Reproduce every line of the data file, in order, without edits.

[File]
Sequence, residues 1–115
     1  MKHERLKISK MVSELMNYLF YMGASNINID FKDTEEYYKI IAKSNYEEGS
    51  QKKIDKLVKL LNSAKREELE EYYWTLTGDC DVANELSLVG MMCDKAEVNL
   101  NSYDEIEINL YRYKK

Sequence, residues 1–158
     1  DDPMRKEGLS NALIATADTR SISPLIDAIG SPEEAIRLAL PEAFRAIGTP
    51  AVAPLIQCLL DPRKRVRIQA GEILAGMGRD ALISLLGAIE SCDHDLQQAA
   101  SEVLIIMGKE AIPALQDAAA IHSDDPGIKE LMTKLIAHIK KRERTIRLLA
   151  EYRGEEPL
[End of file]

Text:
Sequence, residues 1–115
     1  MKHERLKISK MVSELMNYLF YMGASNINID FKDTEEYYKI IAKSNYEEGS
    51  QKKIDKLVKL LNSAKREELE EYYWTLTGDC DVANELSLVG MMCDKAEVNL
   101  NSYDEIEINL YRYKK

Sequence, residues 1–158
     1  DDPMRKEGLS NALIATADTR SISPLIDAIG SPEEAIRLAL PEAFRAIGTP
    51  AVAPLIQCLL DPRKRVRIQA GEILAGMGRD ALISLLGAIE SCDHDLQQAA
   101  SEVLIIMGKE AIPALQDAAA IHSDDPGIKE LMTKLIAHIK KRERTIRLLA
   151  EYRGEEPL